Theft of Fire Alarm Panels Exposes Residents to Injury Risk

Fire alarm panels in apartment and condominium complexes are considered the “brains” of the alarm system, which not only releases an audible warning to residents of fire, but notifies the fire department of the need to respond. firealarm1

These systems often contain copper wiring, making them an attractive, easy target for thieves. Alternatively, they can be resold whole to dealers. That’s reportedly what happened recently in South Florida.

Authorities in Hollywood have arrested a 38-year-old alarm technician on more than 100 counts of grand theft, burglary and preventing or obstructing extinguishment of a fire after they allege he stole hundreds of thousands of dollars worth of alarm systems (about 150 in all). In so doing, authorities say he has jeopardized the safety of thousands of residents of South Florida condo and apartment complexes.

The gear, valued at $15,000 to $25,000 was reportedly sold to a dealer, who paid the technician by check. Authorities now believe the panels were sold illicitly. Some have since been located and returned to the original owners.

During the alleged thief’s first appearance in court, the county judge outlined the seriousness of the crime by noting the activity resulted in disabling fire notification networks which in turn posed a life safety risk to many, many residents. It’s not clear how many of those systems have since been replaced, but our Boca Raton injury lawyers know that in such situations, property owners and/or condominium associations would have a duty to address the issue immediately.

Those property owners could certainly pursue an order of restitution through the criminal court for compensation for the systems they had to replace. However, if a property owner knew an entire complex was without the protection of a fire alarm system and did not take swift action to address it, such could be a form of premises liability if someone were injured or died as a result.

Property owners must assume certain costs when they agree to invite people on site to shop, work, live or visit. They must assume that items may get broken or stolen or need to be repaired. Regardless of whose fault it is that replacement or maintenance must be undertaken, it’s the property owner’s responsibility to make sure the site is in safe condition and free from unreasonable hazards.

If for some reason the danger can’t be immediately addressed, the owner is obligated to warn patrons, visitors or tenants of the issue. To avoid this responsibility is a failure to warn, and a form of negligence.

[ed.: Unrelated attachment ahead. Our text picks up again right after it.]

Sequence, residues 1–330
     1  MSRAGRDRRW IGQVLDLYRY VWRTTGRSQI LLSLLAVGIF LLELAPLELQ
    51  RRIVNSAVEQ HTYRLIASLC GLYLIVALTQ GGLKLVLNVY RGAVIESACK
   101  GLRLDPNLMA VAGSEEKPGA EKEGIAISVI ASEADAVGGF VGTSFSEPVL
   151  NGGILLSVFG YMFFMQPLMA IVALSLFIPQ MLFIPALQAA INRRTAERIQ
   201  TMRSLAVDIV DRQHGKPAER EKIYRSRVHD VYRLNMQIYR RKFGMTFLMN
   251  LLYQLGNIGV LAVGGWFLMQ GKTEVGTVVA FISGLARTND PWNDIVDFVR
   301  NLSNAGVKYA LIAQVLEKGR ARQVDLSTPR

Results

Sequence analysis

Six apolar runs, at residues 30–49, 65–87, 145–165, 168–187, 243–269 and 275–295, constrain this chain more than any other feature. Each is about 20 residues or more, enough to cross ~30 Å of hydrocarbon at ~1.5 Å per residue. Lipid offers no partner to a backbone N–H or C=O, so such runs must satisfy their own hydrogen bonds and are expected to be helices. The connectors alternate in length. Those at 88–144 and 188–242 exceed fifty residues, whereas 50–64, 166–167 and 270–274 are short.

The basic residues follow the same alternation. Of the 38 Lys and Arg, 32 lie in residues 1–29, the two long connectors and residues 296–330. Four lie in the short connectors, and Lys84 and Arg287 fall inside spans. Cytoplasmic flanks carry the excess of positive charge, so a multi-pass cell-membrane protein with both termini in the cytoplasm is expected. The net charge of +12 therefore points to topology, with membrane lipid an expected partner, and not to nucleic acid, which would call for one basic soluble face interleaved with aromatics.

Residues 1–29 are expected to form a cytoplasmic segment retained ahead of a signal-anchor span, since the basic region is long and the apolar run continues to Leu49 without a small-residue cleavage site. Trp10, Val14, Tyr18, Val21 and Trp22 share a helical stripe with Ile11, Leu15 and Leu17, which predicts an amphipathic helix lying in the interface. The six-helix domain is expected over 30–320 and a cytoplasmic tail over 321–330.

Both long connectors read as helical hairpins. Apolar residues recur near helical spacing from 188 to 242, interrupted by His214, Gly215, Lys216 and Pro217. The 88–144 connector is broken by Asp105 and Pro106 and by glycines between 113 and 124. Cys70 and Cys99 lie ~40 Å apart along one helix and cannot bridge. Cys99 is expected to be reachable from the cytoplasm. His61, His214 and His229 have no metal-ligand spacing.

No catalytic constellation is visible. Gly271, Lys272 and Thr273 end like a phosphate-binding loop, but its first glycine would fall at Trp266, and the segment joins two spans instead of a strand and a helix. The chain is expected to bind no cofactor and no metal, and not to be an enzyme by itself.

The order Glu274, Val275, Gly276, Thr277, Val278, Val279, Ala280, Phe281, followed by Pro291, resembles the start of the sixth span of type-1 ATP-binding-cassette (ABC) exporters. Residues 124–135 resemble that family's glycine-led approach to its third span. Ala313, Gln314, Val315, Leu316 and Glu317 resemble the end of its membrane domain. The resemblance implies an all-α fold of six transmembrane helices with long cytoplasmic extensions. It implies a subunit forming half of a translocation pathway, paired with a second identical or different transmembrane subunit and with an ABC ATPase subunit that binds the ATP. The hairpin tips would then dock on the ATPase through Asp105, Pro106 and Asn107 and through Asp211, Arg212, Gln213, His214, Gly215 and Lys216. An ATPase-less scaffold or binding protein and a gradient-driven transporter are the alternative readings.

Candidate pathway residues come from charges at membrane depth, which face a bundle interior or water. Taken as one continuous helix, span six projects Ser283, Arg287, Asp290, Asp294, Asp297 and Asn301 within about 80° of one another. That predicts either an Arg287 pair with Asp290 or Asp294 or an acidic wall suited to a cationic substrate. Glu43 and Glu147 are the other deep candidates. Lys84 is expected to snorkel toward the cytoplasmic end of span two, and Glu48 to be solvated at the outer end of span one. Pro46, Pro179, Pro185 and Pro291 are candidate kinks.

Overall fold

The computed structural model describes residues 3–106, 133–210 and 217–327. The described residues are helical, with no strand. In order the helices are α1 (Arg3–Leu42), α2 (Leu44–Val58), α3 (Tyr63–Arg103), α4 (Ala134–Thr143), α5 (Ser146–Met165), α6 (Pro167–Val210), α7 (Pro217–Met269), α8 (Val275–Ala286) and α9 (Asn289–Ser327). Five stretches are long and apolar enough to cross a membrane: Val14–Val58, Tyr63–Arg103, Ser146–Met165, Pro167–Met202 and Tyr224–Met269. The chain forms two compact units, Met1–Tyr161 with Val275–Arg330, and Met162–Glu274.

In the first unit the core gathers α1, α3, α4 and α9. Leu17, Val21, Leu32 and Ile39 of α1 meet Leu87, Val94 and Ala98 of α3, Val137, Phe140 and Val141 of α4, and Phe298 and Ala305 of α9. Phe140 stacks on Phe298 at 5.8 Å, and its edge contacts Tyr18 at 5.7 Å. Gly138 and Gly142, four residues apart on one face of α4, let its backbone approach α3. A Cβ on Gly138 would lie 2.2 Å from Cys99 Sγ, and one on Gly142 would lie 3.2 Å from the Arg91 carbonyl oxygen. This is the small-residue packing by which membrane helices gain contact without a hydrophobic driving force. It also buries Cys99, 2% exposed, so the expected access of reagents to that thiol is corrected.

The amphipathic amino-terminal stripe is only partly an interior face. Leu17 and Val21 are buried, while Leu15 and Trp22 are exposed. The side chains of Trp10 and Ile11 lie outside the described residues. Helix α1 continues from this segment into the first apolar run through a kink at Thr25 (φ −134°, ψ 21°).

This is just one example of how a criminal act can result in a property owner being held responsible based on premises liability law. For example, if a perpetrator enters a rental property through a faulty lock and commits sexual assault upon a tenant, that tenant may be able to sue for premises liability and negligent security. The property owner certainly did not intend for the assault to occur. However, the attack was facilitated by the broken lock. But for that, the opportunity for such an incident may not have presented itself at all.

In the case of fire alarm systems, state fire officials indicate that the first missing panels were discovered two years ago. In some cases, it wasn’t known the panels were missing until the required annual fire inspection. The panels are reportedly only accessible to those with special keys, as they are typically located in locked units.

Officials say there have been no reports at this time of resulting injuries or deaths. However, they don’t know whether they’ve identified all of the potentially affected locations. In addition to Hollywood, other targeted cities included Margate, Coral Springs, Tamarac, Sunrise, Dania Beach, Lauderdale Lakes, Lauderhill, North Lauderdale, Fort Lauderdale and Pembroke Pines.

If you have been injured, contact the Hollander Law Firm at 888-751-7777 for a free and confidential consultation. There is no fee unless we win.

Additional Resources:

Theft of fire alarm panels putting thousands at risk, officials warn, March 19, 2015, By Erika Pesantes, Sun Sentinel

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